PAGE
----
Kentville Police Service.
Investigators are in Kentville this afternoon in response to an incident that has been reported to the Serious Incident Response Team (SiRT).
Shortly before 7 a.m. on May 23, Kentville Police received a 911 call from a 31-year-old male who works at a business in the Kentville Industrial Park. Upon arrival, officers concluded the circumstances justified placing the man in custody and taking him to hospital under the provisions of the Involuntary Psychiatric Treatment Act. A struggle ensued, during which time the police used a conducted energy weapon, more commonly known as a taser.
The man was placed into custody and taken to the Valley Regional Hospital. While there, it was discovered that he had suffered a fracture in his leg.
As a result of that injury, Kentville Police contacted SiRT who have assumed responsibility for the investigation into the circumstances surrounding the man’s arrest.
Ron MacDonald, director of the province’s independent team, says that while he believes there have been a few files involving Kentville Police in the past, this is the first incident that has warranted a full investigation.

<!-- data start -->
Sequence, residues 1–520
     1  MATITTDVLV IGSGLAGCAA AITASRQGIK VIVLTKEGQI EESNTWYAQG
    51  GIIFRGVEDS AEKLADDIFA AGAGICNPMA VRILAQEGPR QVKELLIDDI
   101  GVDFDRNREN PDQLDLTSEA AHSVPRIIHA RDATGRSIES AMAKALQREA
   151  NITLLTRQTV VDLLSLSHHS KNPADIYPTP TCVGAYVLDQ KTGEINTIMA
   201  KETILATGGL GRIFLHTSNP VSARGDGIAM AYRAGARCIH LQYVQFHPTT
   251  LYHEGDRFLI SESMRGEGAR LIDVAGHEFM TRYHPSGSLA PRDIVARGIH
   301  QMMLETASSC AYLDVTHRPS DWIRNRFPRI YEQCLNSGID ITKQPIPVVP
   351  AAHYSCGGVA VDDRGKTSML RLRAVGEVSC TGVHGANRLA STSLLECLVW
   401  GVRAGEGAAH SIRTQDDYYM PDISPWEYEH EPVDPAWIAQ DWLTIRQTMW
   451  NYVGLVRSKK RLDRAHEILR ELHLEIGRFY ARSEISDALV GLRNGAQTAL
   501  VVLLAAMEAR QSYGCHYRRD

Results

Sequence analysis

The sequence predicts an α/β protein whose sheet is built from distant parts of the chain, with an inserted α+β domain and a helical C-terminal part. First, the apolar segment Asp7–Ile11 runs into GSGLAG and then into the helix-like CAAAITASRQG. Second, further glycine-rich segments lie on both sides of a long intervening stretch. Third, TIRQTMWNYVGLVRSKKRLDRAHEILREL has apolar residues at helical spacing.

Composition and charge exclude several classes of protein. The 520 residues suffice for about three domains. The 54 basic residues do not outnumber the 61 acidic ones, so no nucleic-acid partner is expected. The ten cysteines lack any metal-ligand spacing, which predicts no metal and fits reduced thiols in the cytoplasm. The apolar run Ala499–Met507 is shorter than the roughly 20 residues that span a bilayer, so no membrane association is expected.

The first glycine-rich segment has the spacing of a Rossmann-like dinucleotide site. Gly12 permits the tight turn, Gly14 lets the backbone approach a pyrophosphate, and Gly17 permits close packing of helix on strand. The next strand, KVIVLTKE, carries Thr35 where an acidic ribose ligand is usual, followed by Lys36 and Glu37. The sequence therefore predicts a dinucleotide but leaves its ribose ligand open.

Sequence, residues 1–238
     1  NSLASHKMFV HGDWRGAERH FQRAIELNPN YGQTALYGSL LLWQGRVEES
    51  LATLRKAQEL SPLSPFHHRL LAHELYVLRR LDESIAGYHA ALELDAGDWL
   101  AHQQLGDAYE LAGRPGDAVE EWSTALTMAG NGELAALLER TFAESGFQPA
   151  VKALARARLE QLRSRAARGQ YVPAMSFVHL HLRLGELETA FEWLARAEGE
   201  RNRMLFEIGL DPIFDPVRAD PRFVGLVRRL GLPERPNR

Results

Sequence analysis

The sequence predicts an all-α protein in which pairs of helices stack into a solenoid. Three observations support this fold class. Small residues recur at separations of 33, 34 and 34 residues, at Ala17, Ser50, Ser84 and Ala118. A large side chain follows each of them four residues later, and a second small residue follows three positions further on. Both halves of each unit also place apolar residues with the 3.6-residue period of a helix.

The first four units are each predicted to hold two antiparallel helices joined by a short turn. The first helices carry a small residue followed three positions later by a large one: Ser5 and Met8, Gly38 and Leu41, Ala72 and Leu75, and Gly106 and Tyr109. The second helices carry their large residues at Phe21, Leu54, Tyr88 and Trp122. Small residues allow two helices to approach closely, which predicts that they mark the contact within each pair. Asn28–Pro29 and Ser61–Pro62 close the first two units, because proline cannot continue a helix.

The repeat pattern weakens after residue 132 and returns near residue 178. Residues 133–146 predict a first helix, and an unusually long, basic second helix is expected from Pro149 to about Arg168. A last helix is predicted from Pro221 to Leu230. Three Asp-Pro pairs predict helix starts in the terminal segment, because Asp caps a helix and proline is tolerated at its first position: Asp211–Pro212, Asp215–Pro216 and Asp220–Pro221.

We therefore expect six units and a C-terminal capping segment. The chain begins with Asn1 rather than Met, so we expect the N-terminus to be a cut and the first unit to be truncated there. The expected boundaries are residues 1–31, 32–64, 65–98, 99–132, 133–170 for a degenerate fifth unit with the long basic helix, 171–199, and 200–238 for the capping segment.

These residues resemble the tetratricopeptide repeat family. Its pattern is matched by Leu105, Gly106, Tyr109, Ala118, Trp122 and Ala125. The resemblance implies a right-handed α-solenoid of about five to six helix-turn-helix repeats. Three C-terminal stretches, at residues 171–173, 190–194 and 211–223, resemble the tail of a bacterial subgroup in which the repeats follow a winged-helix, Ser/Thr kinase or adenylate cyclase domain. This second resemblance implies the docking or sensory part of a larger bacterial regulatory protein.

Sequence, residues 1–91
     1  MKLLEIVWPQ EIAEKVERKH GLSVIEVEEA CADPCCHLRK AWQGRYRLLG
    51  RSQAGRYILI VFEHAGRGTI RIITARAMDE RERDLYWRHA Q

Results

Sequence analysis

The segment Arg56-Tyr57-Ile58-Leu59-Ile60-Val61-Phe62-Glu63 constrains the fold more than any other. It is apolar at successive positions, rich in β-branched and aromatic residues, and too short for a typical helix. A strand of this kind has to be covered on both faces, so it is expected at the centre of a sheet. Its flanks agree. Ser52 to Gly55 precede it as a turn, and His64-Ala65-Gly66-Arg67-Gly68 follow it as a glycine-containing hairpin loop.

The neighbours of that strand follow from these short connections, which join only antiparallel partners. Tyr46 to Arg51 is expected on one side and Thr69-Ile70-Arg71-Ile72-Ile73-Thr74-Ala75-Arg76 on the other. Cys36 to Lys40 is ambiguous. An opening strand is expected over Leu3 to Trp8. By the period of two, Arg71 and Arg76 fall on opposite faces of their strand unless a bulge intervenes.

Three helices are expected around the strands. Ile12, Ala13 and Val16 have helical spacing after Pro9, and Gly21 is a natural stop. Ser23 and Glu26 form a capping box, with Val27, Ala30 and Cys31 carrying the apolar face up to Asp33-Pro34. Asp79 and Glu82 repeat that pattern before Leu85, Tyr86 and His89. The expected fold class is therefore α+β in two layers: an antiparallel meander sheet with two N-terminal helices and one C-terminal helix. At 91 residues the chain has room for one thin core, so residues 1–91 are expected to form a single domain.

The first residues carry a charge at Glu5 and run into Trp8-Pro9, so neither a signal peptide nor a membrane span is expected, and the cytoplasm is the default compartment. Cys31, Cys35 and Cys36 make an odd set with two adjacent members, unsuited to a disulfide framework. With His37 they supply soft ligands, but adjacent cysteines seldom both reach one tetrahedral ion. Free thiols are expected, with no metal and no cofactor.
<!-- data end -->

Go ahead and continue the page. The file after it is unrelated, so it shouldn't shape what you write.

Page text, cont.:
The Serious Incident Response Team is responsible for investigating all serious incidents involving police in Nova Scotia, whether or not there is an allegation of wrongdoing. Investigations are under the direction and control of MacDonald, an independent civilian director.
The team can independently begin an investigation after a referral from a chief of police, the head of the RCMP in Nova Scotia or the Minister of Justice. It can also investigate after a complaint from the public.
The man who was arrested was kept in hospital initially, but MacDonald believes that “may be more related to his mental health than his physical health,” adding that the man may have been released from medical care by now.
Members of the SiRT were on the scene May 23 and were hoping to speak to witnesses. They are also hoping to speak to other witnesses, who can call SiRT at 1-855-450-2010.
“Anyone who may have seen this, we’re hoping they will contact us,” MacDonald said.
The Police Act requires the director to file a public report summarizing the result of the investigation within three months after it is finished.